Vacation is Good for the Soul

Hi there. I realized last week as I was typing up my most recent post on sub-roofing and preparing the follow up post on the actual roof installation that things may have gotten a bit stale recently. I absolutely love getting to share the progress being made on the workshop and some of the ups and downs that come along with that work, but I also have so many other things I would like to talk about that it’s good to not get too fixated on one topic. So, all of that leads to the topic this week, vacation. Honestly, this post will most likely be about much more than just vacation, but having just gotten back from over a week in Oregon with my best friends from college, it seems like a good place to start. This was a whirlwind of a trip, beginning in Portland for 1 day, then spending 4 days in Bend, 1 day in Eugene, and returning to Portland for the final 3 days of the trip. As you may imagine, a detailed recap of a trip that long would take much longer than the typical length these posts take, so I’ll focus mainly on my takeaways from this trip and lessons I believe I am currently learning.

I haven’t always been good at taking vacations. In fact, most people (Allyson) would probably say I’ve been very bad at it. I think this stems directly from 2 key things about my personality. First, and probably most importantly, I am risk averse. This may seem like a strange thing to tie to not taking vacation, but let me explain. I can accrue a large amount of vacation and bank it every year that I don’t use it (up to a limit). If I leave my job, this vacation gets paid out to me at my current salary; therefore, I have started to view my vacation as a pseudo emergency fund for if when I decide to do something new/different from my current career. The other personality trait that keeps me from taking full advantage of vacation, is a desire to prove myself and be needed. I believe, if I’m honest with myself, that this leads me to be the person at work who is always there and is scared of being gone for too long, only for people to notice I am not required. These are traits I am only beginning to notice and deal with in myself, but the only way to grow is to take on those things about yourself that hold you back from happiness and work to overcome them. With that said…I want to talk a bit about the first true vacation I have taken in years and the growth that I hope it kicks off in me.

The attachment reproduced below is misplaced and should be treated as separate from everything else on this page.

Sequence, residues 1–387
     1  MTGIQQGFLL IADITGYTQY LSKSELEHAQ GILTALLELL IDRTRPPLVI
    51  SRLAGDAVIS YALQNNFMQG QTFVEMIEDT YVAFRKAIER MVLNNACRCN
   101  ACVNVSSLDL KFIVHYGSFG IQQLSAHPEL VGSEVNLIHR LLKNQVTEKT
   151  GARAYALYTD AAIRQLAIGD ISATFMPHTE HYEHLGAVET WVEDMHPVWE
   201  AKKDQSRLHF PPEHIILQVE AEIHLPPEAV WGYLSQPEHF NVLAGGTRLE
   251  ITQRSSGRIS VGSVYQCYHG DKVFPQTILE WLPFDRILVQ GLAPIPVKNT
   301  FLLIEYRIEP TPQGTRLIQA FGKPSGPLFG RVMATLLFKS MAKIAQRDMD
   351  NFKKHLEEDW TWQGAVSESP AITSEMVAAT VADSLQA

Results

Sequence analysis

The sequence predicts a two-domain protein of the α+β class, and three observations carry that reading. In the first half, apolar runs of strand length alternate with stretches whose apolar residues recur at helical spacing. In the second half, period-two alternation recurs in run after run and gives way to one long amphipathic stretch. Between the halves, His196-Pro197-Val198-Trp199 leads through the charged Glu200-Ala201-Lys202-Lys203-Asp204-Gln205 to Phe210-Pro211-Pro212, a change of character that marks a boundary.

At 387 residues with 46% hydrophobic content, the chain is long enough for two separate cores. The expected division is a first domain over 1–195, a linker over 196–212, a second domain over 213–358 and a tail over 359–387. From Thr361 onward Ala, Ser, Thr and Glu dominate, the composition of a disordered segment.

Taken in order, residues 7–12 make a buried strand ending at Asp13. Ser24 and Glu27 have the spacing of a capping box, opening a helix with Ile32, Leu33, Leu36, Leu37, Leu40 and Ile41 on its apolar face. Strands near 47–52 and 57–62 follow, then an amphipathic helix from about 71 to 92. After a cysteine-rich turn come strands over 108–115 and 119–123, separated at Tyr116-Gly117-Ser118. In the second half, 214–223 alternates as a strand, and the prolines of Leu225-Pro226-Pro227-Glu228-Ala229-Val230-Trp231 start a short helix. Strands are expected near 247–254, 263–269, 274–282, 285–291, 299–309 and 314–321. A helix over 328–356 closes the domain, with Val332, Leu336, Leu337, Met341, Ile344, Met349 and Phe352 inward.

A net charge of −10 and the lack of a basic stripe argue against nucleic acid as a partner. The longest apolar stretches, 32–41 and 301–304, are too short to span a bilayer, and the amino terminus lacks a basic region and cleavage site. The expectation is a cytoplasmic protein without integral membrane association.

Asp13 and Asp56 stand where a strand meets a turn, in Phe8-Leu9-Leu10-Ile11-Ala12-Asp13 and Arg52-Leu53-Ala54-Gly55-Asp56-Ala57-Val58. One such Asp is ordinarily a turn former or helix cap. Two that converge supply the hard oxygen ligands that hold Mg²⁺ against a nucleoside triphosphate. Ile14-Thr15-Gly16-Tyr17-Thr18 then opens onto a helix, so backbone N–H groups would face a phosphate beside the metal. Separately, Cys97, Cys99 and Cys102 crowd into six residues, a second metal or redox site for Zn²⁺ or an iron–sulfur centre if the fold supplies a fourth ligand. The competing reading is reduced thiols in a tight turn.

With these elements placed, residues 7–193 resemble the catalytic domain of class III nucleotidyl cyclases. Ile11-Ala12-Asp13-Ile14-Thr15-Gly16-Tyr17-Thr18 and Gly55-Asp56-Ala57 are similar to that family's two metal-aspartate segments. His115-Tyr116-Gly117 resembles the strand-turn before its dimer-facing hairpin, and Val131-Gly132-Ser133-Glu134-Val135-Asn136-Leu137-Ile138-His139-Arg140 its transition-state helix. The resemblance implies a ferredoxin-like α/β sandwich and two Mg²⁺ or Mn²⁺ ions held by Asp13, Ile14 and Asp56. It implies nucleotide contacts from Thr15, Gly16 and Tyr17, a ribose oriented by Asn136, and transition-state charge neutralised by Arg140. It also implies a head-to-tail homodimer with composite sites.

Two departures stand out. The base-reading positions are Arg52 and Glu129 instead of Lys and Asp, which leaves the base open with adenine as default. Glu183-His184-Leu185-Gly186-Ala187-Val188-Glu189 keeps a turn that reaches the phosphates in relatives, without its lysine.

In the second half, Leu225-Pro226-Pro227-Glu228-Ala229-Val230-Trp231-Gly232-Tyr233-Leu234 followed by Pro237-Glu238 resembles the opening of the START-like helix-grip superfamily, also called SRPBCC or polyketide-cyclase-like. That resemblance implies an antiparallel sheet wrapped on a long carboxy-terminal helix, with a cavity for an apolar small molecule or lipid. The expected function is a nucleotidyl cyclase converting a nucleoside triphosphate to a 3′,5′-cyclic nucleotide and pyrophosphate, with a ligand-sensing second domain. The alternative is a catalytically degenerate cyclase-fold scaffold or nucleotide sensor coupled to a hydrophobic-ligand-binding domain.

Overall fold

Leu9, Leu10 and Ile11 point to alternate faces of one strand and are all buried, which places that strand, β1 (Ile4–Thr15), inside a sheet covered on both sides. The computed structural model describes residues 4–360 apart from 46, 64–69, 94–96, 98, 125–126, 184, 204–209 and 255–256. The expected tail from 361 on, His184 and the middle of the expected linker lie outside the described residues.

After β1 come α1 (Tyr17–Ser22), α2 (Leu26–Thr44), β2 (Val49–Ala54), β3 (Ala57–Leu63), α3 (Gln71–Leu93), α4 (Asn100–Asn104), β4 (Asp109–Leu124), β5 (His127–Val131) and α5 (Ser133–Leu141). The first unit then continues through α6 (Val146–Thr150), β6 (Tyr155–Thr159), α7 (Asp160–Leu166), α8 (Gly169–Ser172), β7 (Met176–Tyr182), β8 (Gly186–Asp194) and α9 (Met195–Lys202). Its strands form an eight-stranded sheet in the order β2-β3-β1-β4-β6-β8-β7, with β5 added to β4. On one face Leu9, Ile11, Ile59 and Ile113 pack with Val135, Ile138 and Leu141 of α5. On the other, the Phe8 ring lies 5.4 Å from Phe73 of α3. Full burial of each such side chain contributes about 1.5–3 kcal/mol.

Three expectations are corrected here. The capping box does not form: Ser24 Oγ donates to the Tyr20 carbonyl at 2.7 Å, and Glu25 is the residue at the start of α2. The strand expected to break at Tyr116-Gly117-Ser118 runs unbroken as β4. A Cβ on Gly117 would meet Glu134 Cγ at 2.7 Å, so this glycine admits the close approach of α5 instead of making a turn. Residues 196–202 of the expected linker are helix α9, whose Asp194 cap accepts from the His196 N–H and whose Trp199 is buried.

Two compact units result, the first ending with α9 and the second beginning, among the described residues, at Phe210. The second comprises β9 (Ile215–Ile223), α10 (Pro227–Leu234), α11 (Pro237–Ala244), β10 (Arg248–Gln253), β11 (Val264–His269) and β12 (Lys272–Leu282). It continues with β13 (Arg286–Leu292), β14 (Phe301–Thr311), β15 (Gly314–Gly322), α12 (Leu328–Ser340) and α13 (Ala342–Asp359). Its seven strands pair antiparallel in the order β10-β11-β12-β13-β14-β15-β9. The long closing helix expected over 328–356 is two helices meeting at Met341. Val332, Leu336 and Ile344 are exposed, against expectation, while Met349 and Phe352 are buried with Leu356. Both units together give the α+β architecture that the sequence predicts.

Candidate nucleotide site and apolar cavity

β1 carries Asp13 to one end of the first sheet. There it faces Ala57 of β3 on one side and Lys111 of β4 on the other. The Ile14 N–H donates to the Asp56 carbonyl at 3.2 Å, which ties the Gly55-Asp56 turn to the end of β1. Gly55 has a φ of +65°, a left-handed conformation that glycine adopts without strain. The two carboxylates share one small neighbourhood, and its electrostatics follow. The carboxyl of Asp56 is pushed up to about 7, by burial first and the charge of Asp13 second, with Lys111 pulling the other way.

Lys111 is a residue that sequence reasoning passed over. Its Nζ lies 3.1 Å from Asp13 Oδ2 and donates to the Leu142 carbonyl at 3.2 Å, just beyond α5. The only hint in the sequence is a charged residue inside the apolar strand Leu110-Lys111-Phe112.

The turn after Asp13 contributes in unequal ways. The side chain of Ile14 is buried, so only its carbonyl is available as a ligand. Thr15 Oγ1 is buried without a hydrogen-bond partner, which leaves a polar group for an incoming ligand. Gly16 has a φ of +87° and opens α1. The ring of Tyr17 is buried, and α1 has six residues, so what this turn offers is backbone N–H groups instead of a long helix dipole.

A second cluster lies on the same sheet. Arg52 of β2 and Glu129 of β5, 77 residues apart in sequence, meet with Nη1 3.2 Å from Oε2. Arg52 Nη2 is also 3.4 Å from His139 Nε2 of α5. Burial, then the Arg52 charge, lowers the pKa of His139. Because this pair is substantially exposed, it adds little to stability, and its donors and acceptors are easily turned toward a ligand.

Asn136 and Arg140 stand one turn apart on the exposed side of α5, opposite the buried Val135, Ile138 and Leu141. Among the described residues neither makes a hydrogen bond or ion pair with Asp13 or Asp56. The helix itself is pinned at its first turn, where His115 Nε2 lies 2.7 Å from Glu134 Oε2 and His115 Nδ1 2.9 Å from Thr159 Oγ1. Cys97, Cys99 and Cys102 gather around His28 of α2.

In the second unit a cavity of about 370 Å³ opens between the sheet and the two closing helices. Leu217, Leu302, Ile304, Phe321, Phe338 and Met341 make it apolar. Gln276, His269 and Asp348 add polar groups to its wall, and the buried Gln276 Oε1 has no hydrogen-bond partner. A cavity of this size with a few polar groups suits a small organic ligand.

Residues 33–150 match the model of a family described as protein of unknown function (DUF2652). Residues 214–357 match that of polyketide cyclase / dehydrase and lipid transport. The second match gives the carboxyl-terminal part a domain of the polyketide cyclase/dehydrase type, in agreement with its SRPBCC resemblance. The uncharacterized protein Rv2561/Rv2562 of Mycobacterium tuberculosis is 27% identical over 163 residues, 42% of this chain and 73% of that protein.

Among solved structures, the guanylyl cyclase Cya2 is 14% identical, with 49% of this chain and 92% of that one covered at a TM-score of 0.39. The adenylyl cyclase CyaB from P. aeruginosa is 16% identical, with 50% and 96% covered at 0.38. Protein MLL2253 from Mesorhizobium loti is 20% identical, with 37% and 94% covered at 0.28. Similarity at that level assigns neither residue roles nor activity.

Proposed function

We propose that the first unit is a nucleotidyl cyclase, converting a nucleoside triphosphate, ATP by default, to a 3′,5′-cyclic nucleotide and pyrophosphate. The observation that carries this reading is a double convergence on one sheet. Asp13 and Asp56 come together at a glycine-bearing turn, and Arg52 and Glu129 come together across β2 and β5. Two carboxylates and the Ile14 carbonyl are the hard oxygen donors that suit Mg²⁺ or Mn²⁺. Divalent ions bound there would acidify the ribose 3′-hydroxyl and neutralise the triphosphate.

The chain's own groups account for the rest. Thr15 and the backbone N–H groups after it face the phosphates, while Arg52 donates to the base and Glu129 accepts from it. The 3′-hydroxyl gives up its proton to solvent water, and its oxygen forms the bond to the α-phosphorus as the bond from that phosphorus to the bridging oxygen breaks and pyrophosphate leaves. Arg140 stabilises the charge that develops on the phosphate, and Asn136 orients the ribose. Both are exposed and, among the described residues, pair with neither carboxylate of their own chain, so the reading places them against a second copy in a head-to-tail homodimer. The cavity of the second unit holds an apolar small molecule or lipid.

I’ll lead off with who went on this trip. My wife and I went with the 3 men who were in our wedding. Two of these guys are married and the third is engaged. Unfortunately, the 3rd guy’s fiance could not make this trip (she will be at the next one, guaranteed), which left 7 of us adventuring together. These folks are all great people who I look up to as examples. Examples of healthy and open relationships, of marriages that challenge each partner to grow daily, and of people that make the world a better place. We spent multiple nights gathered around the kitchen table, eating large quantities of ice cream (no regrets), just talking and sharing with one another stories of our upbringings, marriages/relationships, and dreams for the future. It was time that I didn’t realize I needed and time that I wouldn’t exchange for anything in this world. I tend to get so focused on the day to day; getting through work, completing my next project, saving as much money as possible for the future, that it is easy to get lost and forget that we, as humans, are meant to be in relationship with one another, and that by participating in positive, healthy relationships I become a better man and husband. And I would not have been reminded of this fact if I did not intentionally take the time to disconnect from work and from my phone and sit with friends in conversations about much more important topics than our jobs, or sports, or God-forbid politics. Don’t get me wrong, those conversations are fun (sometimes) and can be challenging, but I would submit we are supposed to get so much deeper than that with those we trust. Try asking your friends how they are doing, but don’t settle for the surface level answer. Listen and encourage and share your ups and downs with each other.

I realize this post isn’t “normal” in the context of what I’ve posted previously, but I hope that it is a welcome tangent and insight into some of the things that I’ve been thinking about the past week. Thanks for reading along and let me know if this has spurred any of your own thoughts.

I randomly selected this quote from a basket of notes where we stayed our first night in Oregon. I think it is a fitting end to this post.

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